How do you explain death to a child?

As an estate planner, I often help clients deal with the steps in planning for death. I also face the spouses or children of those clients once their loved one has passed.

 A client, whose mother passed away and was in my office to administer her mother’s trust, asked, “how do I help my child deal with the death of their grandmother?”

 When a loved one dies it’s difficult to know how to help kids cope with the loss, more so while you deal with your own grief.

How much a child understands about death varies greatly depending on their age, life experience, and personality. Not all children cope with grief the same way.  There are however, a few important things to remember.

BE HONEST

Explain the best way you know how and encourage questions. Although you may not have all the answers, it’s important to create a comfortable atmosphere that allows for openness and allows the child to understand there is no right or wrong way to feel.

As children get older, they begin to understand that death is final and may “wish” that someone would not die. Children ages 6-10 tend to deal best with death when given accurate, simple, clear, and honest explanations about what happened.

As kids mature into teens, they start to understand that every human being eventually dies, regardless of grades, behavior, wishes, or anything they try to do.

EXPLAIN WHAT DEATH IS

You may need to explain to a child what “death” or “dying” means. For example, you can explain that a person’s body stopped working. If the deceased is elderly, you could explain that the body became old and the doctor’s couldn’t fix it. Or in cases of a sudden accident, you could explain that the event was so sad the body just stopped working.

Young children often have a hard time understanding that all people and living things eventually die, and that it’s final and they won’t come back. They may continue to ask where the loved one is and although it may be frustrating, you may have to explain that the person has died and won’t be returning.

Avoid using euphemisms, such as telling kids that the loved one “went away” or “went to sleep” or even that your family “lost” the person. Because young kids think so literally, such phrases might inadvertently make them afraid to go to sleep or fearful whenever someone goes away.

REMEMBER CHILDREN’S QUESTIONS MAY NOT BE AS DEEP AS YOU THINK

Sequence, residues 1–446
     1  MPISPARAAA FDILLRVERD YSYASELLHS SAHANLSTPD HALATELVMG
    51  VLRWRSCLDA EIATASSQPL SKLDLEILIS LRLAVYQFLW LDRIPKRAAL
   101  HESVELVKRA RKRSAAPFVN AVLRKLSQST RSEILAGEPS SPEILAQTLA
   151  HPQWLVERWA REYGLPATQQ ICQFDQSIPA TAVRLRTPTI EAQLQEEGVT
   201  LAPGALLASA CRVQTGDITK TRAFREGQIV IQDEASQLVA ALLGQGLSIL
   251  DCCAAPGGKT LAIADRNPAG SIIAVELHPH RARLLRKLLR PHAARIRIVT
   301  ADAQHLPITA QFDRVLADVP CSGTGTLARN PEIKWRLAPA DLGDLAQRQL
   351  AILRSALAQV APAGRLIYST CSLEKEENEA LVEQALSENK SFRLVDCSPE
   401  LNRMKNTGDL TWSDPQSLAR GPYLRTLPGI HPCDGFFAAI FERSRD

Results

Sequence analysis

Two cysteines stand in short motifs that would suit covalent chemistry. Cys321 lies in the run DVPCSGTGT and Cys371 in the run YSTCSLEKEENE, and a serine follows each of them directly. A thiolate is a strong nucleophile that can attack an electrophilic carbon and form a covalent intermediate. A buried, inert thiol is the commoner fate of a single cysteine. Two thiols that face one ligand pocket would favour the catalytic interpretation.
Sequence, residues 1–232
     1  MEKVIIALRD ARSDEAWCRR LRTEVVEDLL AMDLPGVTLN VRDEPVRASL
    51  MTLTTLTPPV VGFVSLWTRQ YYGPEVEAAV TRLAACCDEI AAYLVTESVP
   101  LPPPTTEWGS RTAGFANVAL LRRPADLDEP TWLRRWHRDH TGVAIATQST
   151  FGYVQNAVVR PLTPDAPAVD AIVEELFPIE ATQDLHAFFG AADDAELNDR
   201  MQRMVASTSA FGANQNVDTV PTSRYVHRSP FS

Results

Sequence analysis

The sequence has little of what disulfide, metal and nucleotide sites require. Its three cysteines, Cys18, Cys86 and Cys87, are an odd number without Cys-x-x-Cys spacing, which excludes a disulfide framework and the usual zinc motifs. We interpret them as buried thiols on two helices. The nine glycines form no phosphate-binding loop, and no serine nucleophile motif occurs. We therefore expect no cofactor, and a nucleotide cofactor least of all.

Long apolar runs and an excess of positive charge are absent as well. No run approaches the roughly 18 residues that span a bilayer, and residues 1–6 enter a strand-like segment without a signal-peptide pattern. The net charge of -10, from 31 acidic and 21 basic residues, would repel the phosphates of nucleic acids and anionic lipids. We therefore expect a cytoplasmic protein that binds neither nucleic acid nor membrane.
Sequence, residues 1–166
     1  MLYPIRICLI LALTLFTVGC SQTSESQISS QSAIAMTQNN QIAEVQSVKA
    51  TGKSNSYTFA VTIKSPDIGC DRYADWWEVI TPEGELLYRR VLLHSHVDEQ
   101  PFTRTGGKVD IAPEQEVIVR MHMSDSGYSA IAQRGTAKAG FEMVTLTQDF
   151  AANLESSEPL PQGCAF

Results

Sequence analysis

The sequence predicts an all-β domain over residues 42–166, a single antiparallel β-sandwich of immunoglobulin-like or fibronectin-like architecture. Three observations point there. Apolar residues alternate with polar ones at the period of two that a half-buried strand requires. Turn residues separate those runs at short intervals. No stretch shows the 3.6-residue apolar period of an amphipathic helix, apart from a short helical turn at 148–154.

Remember that kids’ questions may sound much deeper than they really are. For example, a 5-year-old who asks where someone who died is now probably isn’t asking whether there’s an afterlife. Kids might be satisfied hearing that someone who died is now in the cemetery. This could be a good time to share your beliefs about an afterlife or heaven if that is part of your belief system.

However as teens, children may begin to question mortality or vulnerability and the meaning of life. A teen may ask “why” it happened, not in the literal sense, but as a way for them to understand life. If a 16-year-old has a friend who died in a car accident, they may be less inclined to want to get behind the wheel or ride in the car. Your best approach is to empathize with the your teen and explain that you understand how frightened and scared they must be. This will also be a good time to review safe driving habits- no texting or talking on the phone while driving, always wear a seatbelt, or not to get into a car with someone who has been drinking.

MOURNING THE LOSS

A question often asked is whether or not it is appropriate to take a child to a funeral. There is no right or wrong answer- it depends on you and your child. It is best to explain what the funeral or memorial is and let them decide.

It’s important to prepare the child for what may occur- the open casket, individuals speaking, others crying, as well as other mourning processes. Explain your spiritual beliefs and the meaning behind the mourning rituals.

If you think your grief may interfere with explaining the death to your child, ask a friend or a family member to care for and focus on your child during the service.

Many parents worry about letting their kids witness their own grief, pain, and tears about a death. Don’t — allowing your child to see your pain shows that crying is a natural reaction to emotional pain and loss. And it can make kids more comfortable sharing their feelings. But it’s also important to convey that no matter how sad you may feel, you’ll still be able to care for your family and make your child feel safe.

GETTING MORE HELP

As kids learn how to deal with death, they need space, understanding, and patience to grieve in their own way.

They might not show grief as an adult would. A young child might not cry or might react to the news by acting out or becoming hyperactive. A teen might act annoyed and might feel more comfortable confiding in peers. Whatever their reaction, don’t take it personally. Remember that learning how to deal with grief is like coping with other physical, mental, and emotional tasks — it’s a process.

Nevertheless, watch for any signs that kids need help coping with a loss. If a child’s behavior changes radically — for example, a gregarious and easygoing child becomes angry, withdrawn, or extremely anxious; or goes from having straight A’s to D’s in school — seek help.

Seek out help from a school counselor, doctor, or mental health professional. One of these professionals may be able to suggest books or videos to help manage grief.

Although parents would like to shield their children from the sadness and losses of life, they can’t. Helping them cope with their emotions and building resources that help them understand their feelings will give them tools to manage throughout life.

What tips do you have for explaining death to a child? What has helped you? 

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